If I Have Sprinklers, Do I Also Need Smoke Detectors? Part 2

sprinkler-smoke

In our previous blog on this subject, we addressed whether smoke detectors are required in business, healthcare and assembly occupancies if they have sprinklers installed.  In this edition, we’ll look at general requirements for educational and residential occupancies, based on the IBC/IFC and NFPA 101.

As mentioned in Part 1,  it’s important to remember that sprinklers are meant to control the spread of fire, providing occupants that are not in the immediate area of the fire a chance to safely leave the building or relocate to a protected section of the building. Smoke detectors are meant to give occupants in the area of the fire early warning so they can evacuate the area before the fire prevents them from doing so.  The IBC/IFC, NFPA 101 or a local fire official can mandate what is minimally required, but the owner and designer of a facility must also determine what the kind of protection is appropriate for their occupants.  Sometimes they are helped with their decisions by insurance requirements.

Regarding educational requirements, neither the IBC nor NFPA 101 requires smoke detectors in educational occupancies.  However, if the facility does not want to have manual stations (which are required), it must provide smoke detection in the corridors, as well of heat or smoke detection in larger assembly areas and shops/labs.  One other note regarding sprinklered educational occupancies is that manual stations can be eliminated if the sprinkler system automatically activates the fire alarm system and a means to manually activate the fire alarm system from a normally occupied area is installed.

As you might imagine, residential occupancies are more proactively protected by automatic detection.  R-1 is for transient occupancy, R-2 is for multi-unit & high density group occupancies, R-3 is for single family and low density group occupancies and R-4 is for medium density group occupancies.  With the exception of R-4 occupancies, sprinklers have no bearing on detection requirements in R group occupancies.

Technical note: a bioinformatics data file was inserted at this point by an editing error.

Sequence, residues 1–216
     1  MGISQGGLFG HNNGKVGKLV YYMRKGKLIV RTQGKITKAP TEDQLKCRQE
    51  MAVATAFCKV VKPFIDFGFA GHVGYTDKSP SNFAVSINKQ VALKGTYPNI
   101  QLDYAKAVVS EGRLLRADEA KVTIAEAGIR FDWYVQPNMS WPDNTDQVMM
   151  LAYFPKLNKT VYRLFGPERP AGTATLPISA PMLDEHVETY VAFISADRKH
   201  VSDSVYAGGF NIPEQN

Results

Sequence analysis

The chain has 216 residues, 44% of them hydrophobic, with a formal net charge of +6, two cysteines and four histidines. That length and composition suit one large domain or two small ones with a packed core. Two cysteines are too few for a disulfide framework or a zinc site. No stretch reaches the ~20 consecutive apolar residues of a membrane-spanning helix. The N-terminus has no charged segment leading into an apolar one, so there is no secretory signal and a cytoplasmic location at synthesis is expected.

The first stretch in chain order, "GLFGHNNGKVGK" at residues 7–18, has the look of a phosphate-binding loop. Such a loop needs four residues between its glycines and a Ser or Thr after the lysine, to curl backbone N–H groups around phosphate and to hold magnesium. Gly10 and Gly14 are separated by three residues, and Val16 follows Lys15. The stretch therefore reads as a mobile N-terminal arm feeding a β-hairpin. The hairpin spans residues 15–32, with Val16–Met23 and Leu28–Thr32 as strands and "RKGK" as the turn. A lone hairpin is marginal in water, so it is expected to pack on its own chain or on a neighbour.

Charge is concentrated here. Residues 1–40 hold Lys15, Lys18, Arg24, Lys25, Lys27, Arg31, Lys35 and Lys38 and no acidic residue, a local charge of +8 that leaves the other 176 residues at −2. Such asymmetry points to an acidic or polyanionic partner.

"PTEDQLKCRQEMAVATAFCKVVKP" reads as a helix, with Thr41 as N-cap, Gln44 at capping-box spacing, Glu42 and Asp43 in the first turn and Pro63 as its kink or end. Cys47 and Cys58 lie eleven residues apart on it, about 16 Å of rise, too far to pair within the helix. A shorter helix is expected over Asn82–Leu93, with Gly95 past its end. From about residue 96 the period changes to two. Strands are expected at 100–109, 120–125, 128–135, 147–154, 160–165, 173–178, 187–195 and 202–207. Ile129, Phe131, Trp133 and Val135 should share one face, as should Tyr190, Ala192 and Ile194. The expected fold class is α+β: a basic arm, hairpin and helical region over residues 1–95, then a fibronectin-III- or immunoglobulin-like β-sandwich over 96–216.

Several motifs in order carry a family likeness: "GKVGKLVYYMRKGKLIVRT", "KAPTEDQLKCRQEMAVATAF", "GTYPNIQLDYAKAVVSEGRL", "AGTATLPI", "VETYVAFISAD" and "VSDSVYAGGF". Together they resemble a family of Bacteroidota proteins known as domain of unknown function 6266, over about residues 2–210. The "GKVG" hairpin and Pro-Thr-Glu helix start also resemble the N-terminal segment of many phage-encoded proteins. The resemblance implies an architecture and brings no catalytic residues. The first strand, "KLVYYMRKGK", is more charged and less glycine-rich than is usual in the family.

• R-1 occupancies requre fire alarm system connected smoke detection in interior corridors, regardless of sprinklers. Local (single or multiple station) detectors are required in the sleeping rooms, but they can be system detectors as well.  Smoke detection is also required on floors that don’t have sleeping units.
  • R-2 occupancies are required to have local smoke detectors in and near sleeping units, except for college domitories, which are required to have system connected smoke detectors in those locations.  Again, this is regardless of the presence of sprinklers. Smoke detection is also required on floors that don’t have sleeping units.
  • R-3 occupancies are reuqired to have local smoke detection in and near sleeping areas.  Smoke detection is also required on floors that don’t have sleeping units.
  • R-4 occupancies require system smoke detection in corridors & open areas connected to them.  Habitable spaces other than sleeping areas and kitchens are required to have system smoke detection unless they are sprinklered.  Additionally, local smoke detection is required in and near sleeping areas.  Smoke detection is also required on floors that don’t have sleeping units.

Remember that local jurisdictions can amend these requirements, so it’s important to check with local codes before proceeding.  As always,  Gamewell-FCI fire alarm systems can address every fire alarm scenario with state-of-the-art reliability and flexibility.  Contact Affiliated Fire Systems for more information on how you can protect your occupants at the lowest cost.

Gene Rowe

About Gene Rowe

Gene Rowe serves as the Director of Business Development for Affiliated Customer Service. He brings twenty three years of fire alarm and emergency voice systems experience to the table with both an operational and marketing viewpoint. A US Army veteran, NICET certified, an executive board member of the IL-AFAA and a member of the NFPA, he began his career establishing operational expertise as a technician, developed graphic skills with CAD design as a general engineer, gained a ‘big picture’ mindset by moving to project management and finally a marketing perspective directing business development efforts. By interfacing with a broad range of diverse organizations such as the AFAA, CAA, AIA, CEA and the IFIA, he combines concerns of the owner, designer of record, contractor, distributor and approving authority to bring a unique perspective to Affiliated.

An avid marathon runner, he resides in west suburban Chicago with his wife and two sons. He's served the community as a Cub Scout Leader, as well as coaching multiple levels of travel and park district basketball and baseball teams. Professionally, he serves as the Treasurer and is on the Board of Directors for the Illinois chapter of the Automatic Fire Alarm Association (IL-AFAA).

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